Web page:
Camp Hahobas is located on the portion of the eastern side of Hood Canal that falls within the ethnographic territory of the Twana peoples, now largely part of the Skokomish Indian Tribe.
The Hahobas scout camp at Robbins Lake is located just inland from and between two Twana camps formerly located on the Hood Canal shoreline, one, hoho'bas , near Red Bluff, from which the Twana collected red ochre, and bəsaXa·dač, near Little Dewatto Bay (Elmendorf 1992: 52). The name of the Scout camp is derived from the former.
In the 1960's, the Hahobas Scout Reservation was divided into two camps; Camp Tahoma and Camp Twana, names also derived from the local peoples.
Twana traditional lifeways were, like those of other Coast Salish peoples, based on management of marine and terrestrial resources including salmon, marine mammals, shellfish, waterfowl, deer and elk, roots, berries, and culinary and medicinal plants. Winters were spent in cedar plank houses shared by large extended families, with more casual residential structures and camps used during the warmer months.
A network of trading and familial relationships with other Salish peoples connected the Twana with the rest of the Puget Sound region. Those relationships were reinforced at the Twana’s massive potlatch houses, some hundreds of feet long, built along the shoreline away from residential areas, where people gathered for community and religious events. Slaves, houses, and canoes were considered an individual or family’s personal property, and fish weirs were generally owned by the household that built them, but land was thought of as the collective responsibility of the people (Bouchard and Kennedy 1994; Elmendorf 1992: 258-9, 268).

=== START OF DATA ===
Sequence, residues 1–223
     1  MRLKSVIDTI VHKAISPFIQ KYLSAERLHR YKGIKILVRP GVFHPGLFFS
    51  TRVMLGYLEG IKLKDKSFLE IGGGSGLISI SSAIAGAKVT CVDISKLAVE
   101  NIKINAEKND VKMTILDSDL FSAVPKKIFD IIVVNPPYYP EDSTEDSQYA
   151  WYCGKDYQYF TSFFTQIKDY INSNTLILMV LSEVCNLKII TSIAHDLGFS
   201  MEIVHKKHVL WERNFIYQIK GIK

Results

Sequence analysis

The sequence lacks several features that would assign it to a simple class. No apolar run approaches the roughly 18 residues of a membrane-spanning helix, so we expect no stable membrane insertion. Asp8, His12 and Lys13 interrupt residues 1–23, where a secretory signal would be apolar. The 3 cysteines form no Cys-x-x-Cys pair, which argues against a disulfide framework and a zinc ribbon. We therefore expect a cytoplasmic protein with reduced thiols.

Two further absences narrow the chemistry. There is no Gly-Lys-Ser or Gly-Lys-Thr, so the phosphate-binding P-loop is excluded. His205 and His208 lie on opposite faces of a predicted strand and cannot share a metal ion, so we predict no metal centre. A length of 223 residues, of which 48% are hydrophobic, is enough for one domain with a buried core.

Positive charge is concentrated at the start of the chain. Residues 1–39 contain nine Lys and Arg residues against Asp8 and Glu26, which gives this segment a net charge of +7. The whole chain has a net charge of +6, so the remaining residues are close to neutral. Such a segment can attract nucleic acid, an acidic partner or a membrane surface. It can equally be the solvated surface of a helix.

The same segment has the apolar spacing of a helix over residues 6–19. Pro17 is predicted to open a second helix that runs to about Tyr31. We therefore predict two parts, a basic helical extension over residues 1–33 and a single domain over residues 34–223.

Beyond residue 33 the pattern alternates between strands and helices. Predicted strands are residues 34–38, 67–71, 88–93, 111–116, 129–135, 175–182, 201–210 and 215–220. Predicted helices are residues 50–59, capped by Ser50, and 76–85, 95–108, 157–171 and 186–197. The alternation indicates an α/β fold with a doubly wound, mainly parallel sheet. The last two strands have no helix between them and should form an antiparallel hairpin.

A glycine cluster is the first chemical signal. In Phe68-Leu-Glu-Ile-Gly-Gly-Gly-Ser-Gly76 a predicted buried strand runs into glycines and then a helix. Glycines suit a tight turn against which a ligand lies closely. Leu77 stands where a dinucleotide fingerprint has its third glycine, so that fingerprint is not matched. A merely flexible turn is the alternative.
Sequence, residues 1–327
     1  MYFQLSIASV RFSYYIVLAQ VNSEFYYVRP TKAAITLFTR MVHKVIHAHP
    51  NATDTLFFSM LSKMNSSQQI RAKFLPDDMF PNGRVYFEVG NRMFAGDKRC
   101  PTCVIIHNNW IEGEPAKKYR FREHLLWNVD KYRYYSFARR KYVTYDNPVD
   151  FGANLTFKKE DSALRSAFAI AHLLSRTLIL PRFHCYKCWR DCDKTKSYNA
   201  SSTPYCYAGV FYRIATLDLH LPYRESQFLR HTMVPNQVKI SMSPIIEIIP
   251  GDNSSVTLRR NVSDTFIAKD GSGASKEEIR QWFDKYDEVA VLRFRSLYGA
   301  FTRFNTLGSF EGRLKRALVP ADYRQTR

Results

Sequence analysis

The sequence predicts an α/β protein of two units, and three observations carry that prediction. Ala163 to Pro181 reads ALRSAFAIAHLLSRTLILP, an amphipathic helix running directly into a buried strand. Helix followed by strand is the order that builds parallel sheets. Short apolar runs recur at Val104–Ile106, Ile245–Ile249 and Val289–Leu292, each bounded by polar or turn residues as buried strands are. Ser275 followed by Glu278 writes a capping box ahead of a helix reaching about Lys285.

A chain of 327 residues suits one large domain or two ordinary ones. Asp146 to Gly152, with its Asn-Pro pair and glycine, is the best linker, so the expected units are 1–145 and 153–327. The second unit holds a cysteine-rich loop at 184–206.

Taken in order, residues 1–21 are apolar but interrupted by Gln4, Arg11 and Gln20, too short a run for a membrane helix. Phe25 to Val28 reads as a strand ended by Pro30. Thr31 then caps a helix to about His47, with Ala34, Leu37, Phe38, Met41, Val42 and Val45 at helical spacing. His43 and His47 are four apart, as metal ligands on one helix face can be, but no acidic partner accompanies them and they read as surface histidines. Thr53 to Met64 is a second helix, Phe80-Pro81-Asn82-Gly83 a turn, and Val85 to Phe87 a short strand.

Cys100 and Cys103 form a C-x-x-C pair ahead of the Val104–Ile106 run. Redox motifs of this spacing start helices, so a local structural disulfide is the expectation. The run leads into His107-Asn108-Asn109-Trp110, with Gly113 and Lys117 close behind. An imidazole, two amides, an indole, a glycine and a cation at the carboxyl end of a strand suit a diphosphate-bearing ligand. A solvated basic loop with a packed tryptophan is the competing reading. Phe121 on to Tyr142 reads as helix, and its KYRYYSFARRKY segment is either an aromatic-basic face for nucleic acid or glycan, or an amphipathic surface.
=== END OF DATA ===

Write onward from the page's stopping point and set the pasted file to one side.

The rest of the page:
The area which is now the scout camp was logged before the 1930s, and the camp parcels were purchased from Mason County for negligible payments in the 1930s and 1940s. The parcels have been in active use by the local Scout Council as a Boy Scout camp from that time onwards. The scouts have built a great variety of camp amenities at the property during this period, including docks, shelters, storage sheds, an outdoor theater, shooting ranges, and covered skills instruction areas, some of which remain.
Thousands of scouts passed through the camp over the years and the property retains considerable regional sentimental importance. Most of the Scout reservation was recently transferred to DNR, which plans to manage it as state trust forestlands.
Compiled by Sara Palmer, Scoutmaster, Troop 007, Lacey, WA
State Lands Archeologist
Bouchard, Randy and Dorothy Kennedy
1994 Twana Indian Knowledge and Use of the Cushman Project Area. B.C. Indian Language Project, Victoria, British Columbia, Canada. Prepared for Tacoma Public Utilities, Tacoma, Washington. On file at the Washington State Department of Archaeology and Historic Preservation, Olympia.
Elmendorf, William W. and A. L. Kroeber
1992 The Structure of Twana Culture, With Comparative Notes on the Structure of Yurok Culture. Washington State University Press, Pullman, Washington.